ASSOCIATION BETWEEN DENTAL CONCERNS AND PROBLEMS 8 current or past users of prescription pain medications, and report fair or poor health status compared to the other groups. African Americans, compared to other races, were more likely to have concerns and no problems (column C) than a ny of the other typologies. Participants in the no concerns/no problems typology (column D) were most likely to report excellent or good perceived health and most likely to be employed compared to the other groups. They were also the least likely group to have not seen a dentist in the past 12 months (53.9% vs. 64.2% 82.4%) Adjusted Regression Predicting Dental Concern/Problem Typologies A djusted multinomial logistic regression was conducted with the no concerns and no problems group as the referent group (column D, Table 2). 95% confidence intervals were used and the odds ratio s (OR) estimated the influence that each variable (significant from the previous analysis) had on the likelihood of being in each of the other groups, compared to no concerns/no pro blems (see Table 3) The association between concern/problem typology and going to a den tist in the past 12 months was strong Participants who had not been to the dentist were more likely to have concerns/problems, no concerns/problems, and concerns/no problems compared to having no concerns/no problems (ORs = 2.0 9, 1.57, and 3.52 respectively) and was the only variable significantly associated across all three groups. After adjustment for other variables, concern/problem typology was associated with dr ug use. Compared to having no concerns and no problems, p eople who were currently using marijuana or had in the past, were between 72% and 86% more likely to have bo th concerns and problems. P eople who had used marijuana in the past were 24% more likely t o have no concerns and problems compared to the referent group, and people who reported current or past use o f prescription pain medications were 65% and 41% more li kely, respectively. Discussion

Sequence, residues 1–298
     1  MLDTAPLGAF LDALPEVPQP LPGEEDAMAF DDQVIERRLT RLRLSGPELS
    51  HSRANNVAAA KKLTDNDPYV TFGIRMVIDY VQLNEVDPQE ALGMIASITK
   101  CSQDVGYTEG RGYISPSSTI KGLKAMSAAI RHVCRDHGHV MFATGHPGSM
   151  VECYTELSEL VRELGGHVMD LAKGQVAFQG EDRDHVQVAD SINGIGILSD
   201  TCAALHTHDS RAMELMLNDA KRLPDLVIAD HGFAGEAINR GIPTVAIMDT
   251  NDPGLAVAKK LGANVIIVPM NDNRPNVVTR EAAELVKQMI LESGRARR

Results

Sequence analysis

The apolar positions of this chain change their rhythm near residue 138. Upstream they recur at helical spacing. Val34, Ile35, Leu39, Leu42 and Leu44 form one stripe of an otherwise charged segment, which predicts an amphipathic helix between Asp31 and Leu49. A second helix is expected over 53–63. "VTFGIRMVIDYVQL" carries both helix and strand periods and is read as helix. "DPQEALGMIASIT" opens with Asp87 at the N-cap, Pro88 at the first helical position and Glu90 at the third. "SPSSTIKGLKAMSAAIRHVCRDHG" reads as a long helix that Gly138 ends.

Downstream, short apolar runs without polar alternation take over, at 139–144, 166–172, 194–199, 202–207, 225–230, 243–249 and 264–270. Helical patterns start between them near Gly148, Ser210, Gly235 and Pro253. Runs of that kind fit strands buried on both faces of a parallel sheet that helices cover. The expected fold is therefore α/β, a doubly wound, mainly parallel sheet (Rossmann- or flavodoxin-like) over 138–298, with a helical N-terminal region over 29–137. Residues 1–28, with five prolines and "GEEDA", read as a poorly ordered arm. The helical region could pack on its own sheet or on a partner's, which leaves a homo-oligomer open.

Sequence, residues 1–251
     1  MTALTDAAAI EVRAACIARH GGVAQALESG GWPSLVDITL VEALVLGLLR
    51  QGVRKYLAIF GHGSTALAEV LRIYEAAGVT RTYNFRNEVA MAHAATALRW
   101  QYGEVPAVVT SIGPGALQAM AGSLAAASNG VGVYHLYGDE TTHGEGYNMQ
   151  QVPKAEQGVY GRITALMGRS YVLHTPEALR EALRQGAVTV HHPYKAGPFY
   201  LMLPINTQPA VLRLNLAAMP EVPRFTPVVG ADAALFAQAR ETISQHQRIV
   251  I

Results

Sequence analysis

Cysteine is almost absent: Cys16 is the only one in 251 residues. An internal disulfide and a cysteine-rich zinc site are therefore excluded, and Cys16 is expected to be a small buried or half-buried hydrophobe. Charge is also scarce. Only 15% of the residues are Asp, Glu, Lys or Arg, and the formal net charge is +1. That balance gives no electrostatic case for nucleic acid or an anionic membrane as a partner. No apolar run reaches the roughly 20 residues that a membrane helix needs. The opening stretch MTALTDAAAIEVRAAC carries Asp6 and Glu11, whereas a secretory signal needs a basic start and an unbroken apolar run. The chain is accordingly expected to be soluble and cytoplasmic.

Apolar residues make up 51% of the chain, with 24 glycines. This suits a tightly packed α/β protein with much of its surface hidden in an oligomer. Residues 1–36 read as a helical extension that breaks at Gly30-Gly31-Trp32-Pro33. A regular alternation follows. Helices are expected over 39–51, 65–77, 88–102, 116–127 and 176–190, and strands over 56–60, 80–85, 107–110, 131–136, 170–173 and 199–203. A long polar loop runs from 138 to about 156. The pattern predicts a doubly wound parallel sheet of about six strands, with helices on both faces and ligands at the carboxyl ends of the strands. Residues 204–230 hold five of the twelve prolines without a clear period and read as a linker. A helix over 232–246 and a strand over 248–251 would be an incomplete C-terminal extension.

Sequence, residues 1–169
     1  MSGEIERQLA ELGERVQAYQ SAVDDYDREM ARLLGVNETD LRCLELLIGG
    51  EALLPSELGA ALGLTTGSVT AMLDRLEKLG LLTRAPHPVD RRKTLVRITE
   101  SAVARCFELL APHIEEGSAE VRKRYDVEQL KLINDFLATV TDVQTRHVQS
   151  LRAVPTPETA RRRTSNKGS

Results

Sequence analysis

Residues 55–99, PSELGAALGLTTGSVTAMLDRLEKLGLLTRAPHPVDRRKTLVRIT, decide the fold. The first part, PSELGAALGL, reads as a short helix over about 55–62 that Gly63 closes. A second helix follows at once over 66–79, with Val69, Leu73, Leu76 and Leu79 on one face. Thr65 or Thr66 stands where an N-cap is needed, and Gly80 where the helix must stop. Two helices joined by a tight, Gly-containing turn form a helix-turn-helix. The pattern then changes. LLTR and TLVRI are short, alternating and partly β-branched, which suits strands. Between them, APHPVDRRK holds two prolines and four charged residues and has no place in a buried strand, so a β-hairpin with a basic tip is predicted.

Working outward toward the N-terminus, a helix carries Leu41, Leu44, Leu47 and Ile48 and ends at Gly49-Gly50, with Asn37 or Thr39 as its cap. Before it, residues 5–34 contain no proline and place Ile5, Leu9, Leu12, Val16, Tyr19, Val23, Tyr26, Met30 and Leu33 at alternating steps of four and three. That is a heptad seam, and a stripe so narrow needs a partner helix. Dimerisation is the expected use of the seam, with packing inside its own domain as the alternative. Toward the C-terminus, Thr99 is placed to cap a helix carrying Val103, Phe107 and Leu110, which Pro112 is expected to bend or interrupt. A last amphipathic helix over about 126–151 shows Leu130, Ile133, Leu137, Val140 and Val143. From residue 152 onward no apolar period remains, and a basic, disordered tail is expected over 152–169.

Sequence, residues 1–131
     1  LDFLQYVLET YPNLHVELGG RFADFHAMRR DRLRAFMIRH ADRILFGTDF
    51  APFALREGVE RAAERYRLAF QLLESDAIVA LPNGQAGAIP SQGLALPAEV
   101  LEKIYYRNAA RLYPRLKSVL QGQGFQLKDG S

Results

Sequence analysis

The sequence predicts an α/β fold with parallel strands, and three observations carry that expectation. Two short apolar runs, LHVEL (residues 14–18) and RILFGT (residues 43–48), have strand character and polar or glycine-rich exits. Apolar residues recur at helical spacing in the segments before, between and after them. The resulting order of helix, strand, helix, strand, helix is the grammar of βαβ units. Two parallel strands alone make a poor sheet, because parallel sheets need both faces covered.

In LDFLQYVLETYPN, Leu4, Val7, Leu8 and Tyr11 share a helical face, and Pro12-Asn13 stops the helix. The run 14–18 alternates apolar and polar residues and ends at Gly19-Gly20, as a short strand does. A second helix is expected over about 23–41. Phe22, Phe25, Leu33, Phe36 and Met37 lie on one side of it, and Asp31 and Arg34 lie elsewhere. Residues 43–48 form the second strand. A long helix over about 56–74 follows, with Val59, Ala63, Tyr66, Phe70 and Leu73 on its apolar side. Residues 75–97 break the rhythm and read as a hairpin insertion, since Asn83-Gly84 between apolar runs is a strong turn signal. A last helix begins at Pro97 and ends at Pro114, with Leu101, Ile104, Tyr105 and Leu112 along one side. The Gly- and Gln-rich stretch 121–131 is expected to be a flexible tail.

ASSOCIATION BETWEEN DENTAL CONCERNS AND PROBLEMS 9 Our analysis shows a strong need for improved oral health education and outreach in the community. Nearly all participants reported no concerns with th eir dental health, regardless if they had problems or not. We found that the largest typology was pro blems but no concerns, which is surprising, suggesting that people are not concerned with their health status and are therefore less likely to seek treatment The results also concluded that African Americans are less likely to have problems but no concerns, which contradicts previous literature that showed that African Americans experience more oral health problems (Kim et al., 2012) The results from our analysis showed that African Americans were most common ly in the concerns/no problems group which shows that they are concerned with their oral health and should continue to be vigilant. In regards to employment, our research showed that people who are unemployed are more likely to have problems, regardless of their concerns. These results ar e similar t o previous research that states that preventative oral care decreases during periods of unemployment, which leads to more oral health problems (Quinn et al., 2009) Our findings showing that older people are more l ikely to have problems and no concerns and that younger people are more likely to have no problems and no concerns is consistent with studies that have shown that older people have a lower perceived need for dental care, despite the fact that they have mor e untreated dental diseases (Griffin et al., 2012). This suggests that older adults have more dental problems, but less concerns, perhaps because they have a lower perceived need compared to younger people. When compared to the group with no concerns and no problems, all of the other concern/problem typologies were less lik ely to have been to the dentist in the past 12 months suggesting that people who go to the dentist regularly are more likely to have no problems and no concerns. This is logical because going to the dentist frequently can prevent the occurrence of dental problems and also make patients less concerned because they know they are being treated effectively.